Maarten de Jong, VU University Amsterdam, the Netherlands, and Alfred T. Ho, University of Kansas, USA

 

 

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Editor(s)

Biography

Alfred Tat- Kei Ho is a professor of public administration at the School of Public Affairs and Administration, University of Kansas in Lawrence, Kansas. His research focuses primarily on budgeting and financial management, performance management and governance, and e-government. He has produced many journal articles, book chapters, and peer- reviewed conference proceedings in these areas, as well as numerous research reports for local governments, foundations, and international organizations, including the Asian Development Bank, the Alfred P. Sloan Foundation, the National Science Foundation (U.S.), the IBM Center for the Business of Government, the William T. Kemper Foundation, and U.S. local governments in the states of Arkansas, Indiana, Iowa, and Missouri.

Maarten De Jong is a research affiliate and guest lecturer of the Het Zijstra Center for Public Control, Governance, and Leadership at Vrije Universiteit (VU) Amsterdam. Since 2018, he has also been a public sector performance expert at the Dutch Court of Audit, and was a senior budget specialist of the Dutch Ministry of Finance in 2007–2018. In addition, Dr. De Jong is a researcher, consultant, and lecturer of various international organizations, including the International Monetary Fund, the World Bank, the Organization for Economic Cooperation and Development (OECD), and the European Commission, and has provided technical assistance to 12 countries. He holds Masters in both Business Administration and Public Sector Control and earned his Ph.D. in Public Administration at Erasmus University, Rotterdam. His research focuses on the impact of budget reform, budget institutions, and the use of performance information by public agencies. His publications have appeared in both professional and academic journals, such as the OECD Journal on Budgeting and Public Administration Review .

Zaozao Zhao is an associate researcher of the National Academy of Economic Strategy (NAES) under the Chinese Academy of Social Sciences (CASS). Her research focuses on public budgeting and financial management, performance budgeting, auditing, and inflation. She was the principal investigator or a core researcher in several major projects funded by the National Natural Science Foundation of China, the Chinese Ministry of Finance, the Chinese Academy of Social Sciences, and the National Development and Reform Commission of the Chinese government. Dr. Zhao has published over 30 articles in several core management and economic journals in both Chinese and English, including Auditing Research, Subnational Fiscal Research, Journal of Asian Public Policy, and Journal of Chinese Governance. She also co-authored a book, titled Public Budgeting: A Comparative Study, which was collected into the National Achievement Library of Philosophy and Social Sciences in 2010 by the Chinese government.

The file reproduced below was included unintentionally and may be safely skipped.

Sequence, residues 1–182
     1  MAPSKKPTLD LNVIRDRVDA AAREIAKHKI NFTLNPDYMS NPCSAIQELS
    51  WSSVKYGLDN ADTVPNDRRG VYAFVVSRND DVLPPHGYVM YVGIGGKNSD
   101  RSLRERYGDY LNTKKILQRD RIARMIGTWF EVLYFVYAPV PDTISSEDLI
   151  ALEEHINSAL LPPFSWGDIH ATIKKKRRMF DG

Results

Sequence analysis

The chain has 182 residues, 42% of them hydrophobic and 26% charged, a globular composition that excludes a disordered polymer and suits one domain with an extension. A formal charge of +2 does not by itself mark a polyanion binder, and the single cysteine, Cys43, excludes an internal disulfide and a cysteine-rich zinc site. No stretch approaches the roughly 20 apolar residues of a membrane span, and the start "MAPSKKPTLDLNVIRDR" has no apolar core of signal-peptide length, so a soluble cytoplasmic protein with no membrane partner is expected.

Reviews

"This book reinvents visions on ‘performance budgeting’(PB) in many ways. From its much broader scope of ‘performance-based budget management’, it connects six theoretical frames, it assesses real impact beyond financial management, and it shows real differences between high, middle, and low-income countries. This is a ‘high-impact’ book because reform policy makers will be convinced to see and use PB in a different way. Academics will adjust their research agendas to also include PB in explaining transformations of organizations, institutions, and politics."

Geert Bouckaert, KU Leuven Public Governance Institute, and President of IIAS

"With this book, Ho, De Jong, and Zhao have made a significant contribution to our understanding of performance budgeting. It is a welcome addition in particular because its cases plow new ground, with three times the number of chapters on low and middle-income countries as on wealthy ones. Further, it is not a book that will appeal to only a narrow audience. Academics, practitioners, and students—indeed, anyone who cares about effective government--will find much of interest in this book."

Philip G. Joyce, University of Maryland, USA

"This book contains important and well researched insights into the many practical challenges of linking the budget process to performance management in the government sector, as well as theoretical constructs that are helpful, for example in identifying the reform space for performance budgeting. It makes a convincing case that despite frustrations with the performance of performance budgeting itself the reform has staying power so the real question is how to do it. Unlike most previous research on the topic this book has a strong focus on experience in middle- and lower-income countries and should be of particular interest to those governments and to development agencies supporting performance budgeting reforms."

Ivor Beazley, World Bank Group, Washington DC